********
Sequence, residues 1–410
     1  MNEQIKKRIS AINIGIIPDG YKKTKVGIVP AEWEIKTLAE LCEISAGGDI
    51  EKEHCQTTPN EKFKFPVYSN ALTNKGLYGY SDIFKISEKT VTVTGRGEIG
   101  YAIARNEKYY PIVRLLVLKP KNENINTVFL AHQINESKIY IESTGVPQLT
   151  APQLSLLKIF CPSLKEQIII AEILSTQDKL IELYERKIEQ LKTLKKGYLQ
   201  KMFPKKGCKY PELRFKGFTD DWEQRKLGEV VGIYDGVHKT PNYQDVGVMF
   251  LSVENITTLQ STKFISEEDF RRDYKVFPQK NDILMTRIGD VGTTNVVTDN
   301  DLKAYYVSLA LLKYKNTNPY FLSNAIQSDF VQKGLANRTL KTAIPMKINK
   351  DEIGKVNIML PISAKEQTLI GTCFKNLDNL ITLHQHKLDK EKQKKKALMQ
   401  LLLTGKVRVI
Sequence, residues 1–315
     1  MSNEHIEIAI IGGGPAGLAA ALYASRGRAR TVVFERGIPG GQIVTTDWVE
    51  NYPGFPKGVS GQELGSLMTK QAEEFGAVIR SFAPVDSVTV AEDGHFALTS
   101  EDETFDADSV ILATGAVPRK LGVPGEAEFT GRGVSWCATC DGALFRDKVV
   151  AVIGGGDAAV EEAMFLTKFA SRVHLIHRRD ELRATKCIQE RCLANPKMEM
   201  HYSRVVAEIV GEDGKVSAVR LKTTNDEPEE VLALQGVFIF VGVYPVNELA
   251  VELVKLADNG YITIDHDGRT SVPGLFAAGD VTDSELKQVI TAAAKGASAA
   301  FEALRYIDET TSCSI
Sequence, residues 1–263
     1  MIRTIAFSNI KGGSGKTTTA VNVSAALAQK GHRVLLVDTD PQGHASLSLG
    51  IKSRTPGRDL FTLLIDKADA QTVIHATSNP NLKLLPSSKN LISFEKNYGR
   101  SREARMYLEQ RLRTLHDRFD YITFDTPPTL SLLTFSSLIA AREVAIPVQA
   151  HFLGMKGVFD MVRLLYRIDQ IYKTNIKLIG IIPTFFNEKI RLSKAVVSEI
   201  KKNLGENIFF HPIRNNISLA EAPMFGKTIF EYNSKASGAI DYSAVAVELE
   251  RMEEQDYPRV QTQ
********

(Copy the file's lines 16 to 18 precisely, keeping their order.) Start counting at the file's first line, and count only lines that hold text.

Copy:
   201  HYSRVVAEIV GEDGKVSAVR LKTTNDEPEE VLALQGVFIF VGVYPVNELA
   251  VELVKLADNG YITIDHDGRT SVPGLFAAGD VTDSELKQVI TAAAKGASAA
   301  FEALRYIDET TSCSI